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Iraq stun the UAE: 5 things we learned from the battle for the AFC’s World Cup playoff spot 

DUBAI: Asia’s Arab teams were in action in the penultimate round of World Cup qualifiers on Thursday and, while Saudi Arabia secured qualification in Group B, results in Group A were mixed in the hunt for that vital third-place play-off spot, and the right to meet Australia.

The UAE are still in that position with nine points, but are now just one point above Iraq, who beat them 1-0. Lebanon has six points, with Syria in last place on five. Over in Group B, Oman have fourth spot sewn up.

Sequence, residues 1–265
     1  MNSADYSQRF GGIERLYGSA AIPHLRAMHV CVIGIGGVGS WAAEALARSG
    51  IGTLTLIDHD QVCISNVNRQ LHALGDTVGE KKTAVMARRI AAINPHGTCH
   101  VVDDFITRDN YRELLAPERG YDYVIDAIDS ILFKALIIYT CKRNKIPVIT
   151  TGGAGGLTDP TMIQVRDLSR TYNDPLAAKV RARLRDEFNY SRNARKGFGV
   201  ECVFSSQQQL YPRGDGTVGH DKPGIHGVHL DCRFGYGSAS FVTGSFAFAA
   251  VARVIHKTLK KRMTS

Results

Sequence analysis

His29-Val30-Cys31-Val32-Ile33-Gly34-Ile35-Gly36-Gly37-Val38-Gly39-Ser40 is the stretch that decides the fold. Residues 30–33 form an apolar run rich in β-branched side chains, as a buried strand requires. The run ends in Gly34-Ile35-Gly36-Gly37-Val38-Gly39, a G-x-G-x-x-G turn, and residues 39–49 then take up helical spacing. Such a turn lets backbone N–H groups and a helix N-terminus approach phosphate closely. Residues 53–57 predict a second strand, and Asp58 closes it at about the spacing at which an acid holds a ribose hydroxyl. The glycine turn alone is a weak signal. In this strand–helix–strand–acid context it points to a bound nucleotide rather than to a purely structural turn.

Here are five things we learned from the latest action.

UAE are in trouble

Losing 1-0 to Iraq in Riyadh was perhaps the worst result in a stage that has seen a few bad results for the Emiratis. The UAE seemed to have everything going for them as they fought for third.

Their crucial game against Iraq had been moved from Baghdad to Riyadh. Earlier in the day, Syria had defeated Lebanon which meant that even a draw against Iraq would be enough to secure that all-important third place and that play-off against Australia. Yet the Whites still blew it. But it was not that much of a surprise for a team that has underperformed consistently throughout this stage of qualification.

There may have been injuries for new coach Rodolfo Arrubarrena to contend with, but every team has injuries. Selecting three center-backs was a big call and it didn’t work. Going forward, there was plenty of possession but not much idea of what to do with it all and Iraq deserved to win.